Highlights of the 1950’s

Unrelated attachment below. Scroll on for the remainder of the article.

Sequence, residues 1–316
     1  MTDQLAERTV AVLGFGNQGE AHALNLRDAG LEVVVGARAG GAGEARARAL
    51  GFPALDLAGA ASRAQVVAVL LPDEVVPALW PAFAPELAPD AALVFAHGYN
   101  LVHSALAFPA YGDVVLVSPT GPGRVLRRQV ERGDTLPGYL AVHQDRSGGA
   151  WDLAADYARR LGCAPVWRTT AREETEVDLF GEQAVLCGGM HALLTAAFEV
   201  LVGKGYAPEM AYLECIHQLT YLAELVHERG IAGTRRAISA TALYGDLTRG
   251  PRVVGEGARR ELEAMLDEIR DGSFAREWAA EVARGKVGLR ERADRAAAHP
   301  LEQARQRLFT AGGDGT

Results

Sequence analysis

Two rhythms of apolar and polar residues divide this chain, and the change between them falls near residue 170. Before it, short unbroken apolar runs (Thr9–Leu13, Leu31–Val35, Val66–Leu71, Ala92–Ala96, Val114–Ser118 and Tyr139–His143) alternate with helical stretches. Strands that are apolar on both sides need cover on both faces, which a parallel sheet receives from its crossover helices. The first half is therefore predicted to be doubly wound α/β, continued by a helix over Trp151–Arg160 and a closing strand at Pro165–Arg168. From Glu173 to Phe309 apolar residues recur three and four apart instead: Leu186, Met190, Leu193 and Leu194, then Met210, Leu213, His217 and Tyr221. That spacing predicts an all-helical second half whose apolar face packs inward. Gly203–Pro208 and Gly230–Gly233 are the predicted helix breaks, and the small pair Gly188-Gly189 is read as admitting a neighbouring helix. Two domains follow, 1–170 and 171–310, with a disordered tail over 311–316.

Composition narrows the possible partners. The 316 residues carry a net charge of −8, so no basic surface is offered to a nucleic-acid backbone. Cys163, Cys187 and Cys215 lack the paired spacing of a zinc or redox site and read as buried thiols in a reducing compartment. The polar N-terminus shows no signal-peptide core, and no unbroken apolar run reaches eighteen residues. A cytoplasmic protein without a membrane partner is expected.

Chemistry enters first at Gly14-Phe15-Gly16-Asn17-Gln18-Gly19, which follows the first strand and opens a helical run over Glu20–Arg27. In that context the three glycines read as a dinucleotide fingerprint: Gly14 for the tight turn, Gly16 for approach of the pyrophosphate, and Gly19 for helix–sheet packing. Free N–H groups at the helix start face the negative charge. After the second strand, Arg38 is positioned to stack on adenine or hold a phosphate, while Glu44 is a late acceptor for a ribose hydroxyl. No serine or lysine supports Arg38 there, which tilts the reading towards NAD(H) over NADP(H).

The VFW National Home for Children is celebrating its 90th Anniversary throughout 2015. As part of that celebration, we will be focusing on one decade of the National Home’s history each month. This month, we highlight the 1950’s. The Begining of the 4-H Program Early in 1952, the 4-H progam was adopted at the National Home. The children had 10 different fields of activity to chose from including: gardening, archery, food preparation, dairy, egg production, swine raising and beef raising. Involvement in these activites gave pivotal experiences to the children, building a foundation of leadership and skills for success in their future careers. Addition of new Fire Engine In 1953, the addition of a fire engine gave the Home a fully functioning fire station. Although our fire department is not operating today, the firetrucks are still used to deliver Christmas gifts to the children and for ceremonial purposes throughout the year. Hopalong Cassidy Visited the Home The Children at the Home had a very special treat in July of 1954, when one of their favorites came to visit the Home. Hopalong Cassidy – Hoppy himself, riding his wonderful horse Tropper – came to visit the children. The big event was arranged by the Ladies Auxiliary to the Veterans of Foreign Wars as a special treat. Michigan Governor Williams, who was present for the festivities, shared with Hopalong (Actor William Boyd) the honor of being elected “Father-for-the-Day” by the children of the Home. Before they left the Home, Governor Williams presented the cowboy star with a special certificate- Hopalong Cassidy was made an honorary citizen of the great State of Michigan! Construction of the Montana Farmstead The new farmstead gave the Home an efficient and practical dairy managment facility. The modern dairy operation included electric milking machines that would be pumped directly to a bulk refrigeration storage tank, and from there to milk trucks and to the dairy for bottling. During the entire process it was not touched by human hands. Modern electric feeders and self-feeders provided hay and silage for the animals from a loft and silo. This effecient method of feeding reduced labor costs significantly, benefiting the Home and the children due to increased revenue. The farm was located just south of the Home campus and was a gift from the VFW and Auxiliary members from the Department of Montana. New Administration Building In June of 1957, a dedication was held for the Home’s new Administration Building. The dedication ceremony featured players from the New York Yankees who had served in the service. The funds for this project originated from a 1922 World Series game. The game was cancelled due to darkness, and as a token of goodwill, the Yankees donated thier gate receipts to charity. Decades later these proceeds were used to construct this new building. 31 Houses When the Illinoise Cottage No. 2 was completed- there was a total of 31 houses on campus. It was an ultra-modern tri-level structure with an exterior of Roman brick.